A couple of interesting scientific studies were conducted on the muscle; and collagen and muscle pathology in fibromylagia patients by the Parker Institue, Department of Rheumatolgy and the Danish National Library of Science and Medicine in Copenhagen, Denmark. They found that fibromyalgia patients had a significantly lower amount of intramuscular collagen that may lower the threshold for muscle micro-injury and thereby result in nonspecific signs of muscle pathology. Studies on muscle metabolism in fibromyalgia patients showed that there is a defect that is not seen at rest and when the patient is working at a submaximal load, but is seen under maximal loading and under static contraction. Blood flow did not increase as the load increased indicating a disturbed local regulation of microcirculation; lower levels of ATP and phosphocreatine were found in muscle biopsies of fibromyalgia patients; and fibromyalgia patients had EMG activity between muscle contractions incidcating a prolonged relaxation or recovery time in patients with fibromyalgia.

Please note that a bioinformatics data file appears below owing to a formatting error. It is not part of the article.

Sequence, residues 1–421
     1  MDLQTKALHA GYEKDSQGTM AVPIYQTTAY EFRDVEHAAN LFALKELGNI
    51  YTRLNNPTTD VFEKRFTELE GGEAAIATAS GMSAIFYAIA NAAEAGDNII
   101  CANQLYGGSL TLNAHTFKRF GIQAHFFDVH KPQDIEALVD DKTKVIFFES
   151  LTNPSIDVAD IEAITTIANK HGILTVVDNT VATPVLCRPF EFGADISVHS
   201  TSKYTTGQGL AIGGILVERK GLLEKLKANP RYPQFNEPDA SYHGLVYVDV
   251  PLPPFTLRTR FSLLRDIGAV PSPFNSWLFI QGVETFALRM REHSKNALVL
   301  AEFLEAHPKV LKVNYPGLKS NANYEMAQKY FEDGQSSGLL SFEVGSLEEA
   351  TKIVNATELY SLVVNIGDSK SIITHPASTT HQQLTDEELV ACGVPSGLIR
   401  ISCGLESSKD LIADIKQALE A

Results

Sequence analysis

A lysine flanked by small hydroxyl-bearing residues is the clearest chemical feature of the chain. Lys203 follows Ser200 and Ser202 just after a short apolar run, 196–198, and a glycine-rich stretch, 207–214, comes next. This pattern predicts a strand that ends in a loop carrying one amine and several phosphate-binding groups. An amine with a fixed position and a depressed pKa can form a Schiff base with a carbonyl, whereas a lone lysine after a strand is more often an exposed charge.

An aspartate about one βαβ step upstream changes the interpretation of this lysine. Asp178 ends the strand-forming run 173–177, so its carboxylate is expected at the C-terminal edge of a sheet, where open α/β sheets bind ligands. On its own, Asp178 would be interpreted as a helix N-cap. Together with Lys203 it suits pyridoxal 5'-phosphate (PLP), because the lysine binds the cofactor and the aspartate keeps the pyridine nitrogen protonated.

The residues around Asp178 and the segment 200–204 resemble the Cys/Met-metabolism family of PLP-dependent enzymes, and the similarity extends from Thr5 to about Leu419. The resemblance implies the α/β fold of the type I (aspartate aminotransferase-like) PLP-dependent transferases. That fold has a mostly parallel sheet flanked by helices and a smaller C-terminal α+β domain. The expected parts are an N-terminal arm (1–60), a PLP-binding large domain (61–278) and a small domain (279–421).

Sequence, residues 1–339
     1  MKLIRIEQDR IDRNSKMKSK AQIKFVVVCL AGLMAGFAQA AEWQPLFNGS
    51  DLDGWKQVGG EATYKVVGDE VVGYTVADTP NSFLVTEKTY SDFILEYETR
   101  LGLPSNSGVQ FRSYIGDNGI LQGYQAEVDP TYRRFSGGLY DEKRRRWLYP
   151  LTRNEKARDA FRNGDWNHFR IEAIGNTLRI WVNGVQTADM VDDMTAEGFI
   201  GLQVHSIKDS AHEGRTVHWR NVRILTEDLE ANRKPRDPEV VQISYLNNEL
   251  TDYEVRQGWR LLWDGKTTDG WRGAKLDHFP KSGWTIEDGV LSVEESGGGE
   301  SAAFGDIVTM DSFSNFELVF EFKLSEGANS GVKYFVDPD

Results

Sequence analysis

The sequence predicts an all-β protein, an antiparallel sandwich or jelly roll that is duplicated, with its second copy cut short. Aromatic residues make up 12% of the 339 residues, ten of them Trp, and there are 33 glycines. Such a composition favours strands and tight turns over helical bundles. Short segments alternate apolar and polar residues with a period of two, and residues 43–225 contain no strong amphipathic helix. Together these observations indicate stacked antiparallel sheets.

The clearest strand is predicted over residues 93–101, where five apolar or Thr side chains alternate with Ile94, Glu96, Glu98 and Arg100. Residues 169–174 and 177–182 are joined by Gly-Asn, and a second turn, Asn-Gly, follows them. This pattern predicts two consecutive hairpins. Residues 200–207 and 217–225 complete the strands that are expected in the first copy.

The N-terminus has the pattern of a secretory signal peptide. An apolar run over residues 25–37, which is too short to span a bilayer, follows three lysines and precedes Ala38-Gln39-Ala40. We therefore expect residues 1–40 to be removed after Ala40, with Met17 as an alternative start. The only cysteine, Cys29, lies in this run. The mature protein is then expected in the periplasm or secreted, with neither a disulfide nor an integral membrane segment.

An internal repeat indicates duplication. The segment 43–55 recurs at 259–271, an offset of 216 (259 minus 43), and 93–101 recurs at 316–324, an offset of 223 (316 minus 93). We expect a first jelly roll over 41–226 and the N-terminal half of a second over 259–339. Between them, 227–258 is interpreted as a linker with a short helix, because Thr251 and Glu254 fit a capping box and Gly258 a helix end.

It is my personal opinion that the muscle condition of fibromyalgia is a symptom of dysfunction in the Central Nervous System resulting from a protective response of the brain to physical stress and trauma. In my case this was due to the prolonged stress of living with an obstructive breathing disorder that became increasingly difficult to compensate for and eventually lead to a state of neurological exhaustion. The actual tipping point for me was rehearsing a very difficult piano piece on a poor instrument which set in motion some sort of trauma to my neuromuscular system. This incident occurred after I had struggled with chronic fatigue for 28 years, was functionally hypothyroid and had just entered menopause. Others develop fibromyalgia after some traumatic event such as a car accident, surgery, childbirth, toxic exposure or physical abuse. When confronted with severe trauma the brain “shuts down” and becomes less flexible and more reactive. It is important to note that the mechanisms and triggers for pain are not the same in all patients with fibromyalgia however all share in common a state of central sensitization.